Don’t Fear the Tiger: Huanqiu Shibao, Chinese Delegations, and Netizen Responses to the North Korean Rocket
by Adam Cathcart and Roger Cavazos
People’s Daily (人民日报/Renmin Ribao）is the official voice and canon of “truth” as it is vetted, pared down, and defined by the Chinese Communist Party. When it comes to Party statements both to and about North Korea, there are few more authoritative outlets: the People’s Daily is, in Stalin’s memorable phrase, “the Party’s lips and tongue.” But People’s Daily’s staid format provides no relief valve, feedback mechanism, or popular ethos. It provides little rhetorical flexibility for the Party; indeed, analysts are still shocked at the use of a single verb (“brazen”) employed by the Party in its official response to the North Korean nuclear test in 2006.
Enter the PD‘s tabloid spin-off, the wildly successful Huanqiu Shibao, known in watered-down English as the Global Times. The Chinese version of the paper is the real deal, and most of the paper’s most interesting content doesn’t even make it into English. In short, it’s a great place to watch a more “hand-to-hand combat” kind of approach to China’s North Korea policy.
Through its coverage of the leadup to the missile launch, Huanqiu is making it immediately clear that average Chinese reader-netizens — and even some prominent PRC scholars who must retain good relations with North Korea, such as Lü Chao (吕超） – are closer to getting fed up with the DPRK, or at least less and less worried about voicing their criticisms of Kim Jong Un’s policies. In the last few days, China has been talking openly with South Korea about responses to any test, and Huanqiu (using the voice of a Russian academic) asserted that the rocket test was mainly about piquing China. And then there was this off-key op-ed that made Kim Jong Un sound like Qin Shihuangdi.
In this short essay, we want to lay out individual responses by both the People’s Daily and the Huanqiu Shibao to the rocket test announcement, and provide some detailed translation of a very interesting blog post which Huanqiu elevated to its editorial page, surely not without reason.
Scoff and Awe: People’s Daily and the Delegation Factor | Given the CCP’s close and complex relations with North Korea, it is unsurprising that People’s Daily statements in both Chinese and English have been perfunctory at best about North Korea’s recent announcement of a rocket test. Indeed, the People’s Daily even uses the DPRK’s preferred phrase for the action as a “satellite launch” while only hinting at exasperation via statements pledging that China will stay in communication with North Korea and hopes “all parties will handle this calmly (希望各方冷静对待)”.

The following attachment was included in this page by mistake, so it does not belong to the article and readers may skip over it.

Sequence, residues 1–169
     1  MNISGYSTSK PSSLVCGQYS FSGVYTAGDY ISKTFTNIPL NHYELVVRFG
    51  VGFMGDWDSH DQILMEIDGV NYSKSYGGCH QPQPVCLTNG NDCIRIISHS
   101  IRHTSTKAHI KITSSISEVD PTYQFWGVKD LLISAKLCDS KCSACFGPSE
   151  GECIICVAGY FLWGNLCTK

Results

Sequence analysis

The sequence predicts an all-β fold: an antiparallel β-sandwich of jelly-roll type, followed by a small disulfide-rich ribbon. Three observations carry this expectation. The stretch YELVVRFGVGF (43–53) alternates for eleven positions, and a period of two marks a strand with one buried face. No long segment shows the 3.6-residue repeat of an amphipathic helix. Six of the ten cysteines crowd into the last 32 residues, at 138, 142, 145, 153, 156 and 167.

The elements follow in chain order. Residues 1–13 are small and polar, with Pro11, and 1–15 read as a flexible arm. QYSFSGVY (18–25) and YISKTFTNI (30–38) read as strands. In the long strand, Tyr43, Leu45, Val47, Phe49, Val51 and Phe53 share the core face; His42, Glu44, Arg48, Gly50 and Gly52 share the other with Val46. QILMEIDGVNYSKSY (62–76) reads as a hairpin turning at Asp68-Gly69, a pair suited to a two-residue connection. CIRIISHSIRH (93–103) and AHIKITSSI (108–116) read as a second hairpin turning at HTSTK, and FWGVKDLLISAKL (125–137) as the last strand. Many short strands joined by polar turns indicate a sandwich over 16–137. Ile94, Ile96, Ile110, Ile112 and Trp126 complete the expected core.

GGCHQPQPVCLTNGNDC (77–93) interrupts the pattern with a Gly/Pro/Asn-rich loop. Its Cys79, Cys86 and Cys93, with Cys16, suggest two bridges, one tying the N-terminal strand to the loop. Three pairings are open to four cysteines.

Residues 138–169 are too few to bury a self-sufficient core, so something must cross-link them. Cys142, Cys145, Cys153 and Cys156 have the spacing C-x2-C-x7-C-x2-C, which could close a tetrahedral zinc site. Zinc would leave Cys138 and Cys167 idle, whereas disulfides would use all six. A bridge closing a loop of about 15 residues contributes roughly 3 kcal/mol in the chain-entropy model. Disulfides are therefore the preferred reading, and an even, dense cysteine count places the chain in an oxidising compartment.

People’s Daily points out that China maintains that all sovereign powers have a legitimate right to peaceful uses of space. (Presumably, this also includes the Palestinian Authority, but, as can be gathered from the works of Scott Bruce cited at the end of this essay, having the theoretical right and actually using it are two very different things.) However, caveats the CCP organ, North Korea should also take into account the current conditions on the Korean Peninsula and relevant UN sanctions. Neither in Chinese nor in English does the People’s Daily even point out that the DPRK’s previous launch cost an estimated 2% of the national GDP and it still failed to reach orbit. The North Koreans simply have to remember that the last time they launched a rocket (on April 13, 2012), the PRC media was in line with world media, almost gloating over its failure. Such signals mean that the North Koreans need to take into account that relations with China could take a turn for the worse as North Korea enters into a cold winter, again, without enough food.
China had scheduled a delegation led by Liu Qibao to go to North Korea and present a letter from Xi Jinping after Xi assumed the triune powers as head of China’s Party, Military and Government when the 18th Party Congress closed. One of the first delegations he dispatched was to North Korea. Originally, Liu Qibao, the Party’s new propaganda chief, was to go to DPRK and brief comrades on the just-concluded 18th Congress. However, either shortly before departing or just after departing to DPRK, China announced Li Jianguo was travelling instead, and the DPRK press also reflected the change.
We have endured much puzzlement about the composition of the North Korean assemblage of leaders selected to greet the Chinese party. Why was Kim Ki-nam chosen to serve as Kim Jong-un’s #2 at the bilateral meeting in Pyongyang? The answer could lie in the portfolio of Kim and of the nixed Chinese guest: both men are in charge of propaganda for their respective regimes. This embraces the realm of cultural and academic exchanges — hardly the top of the bilateral list, but one the North Koreans surely take seriously.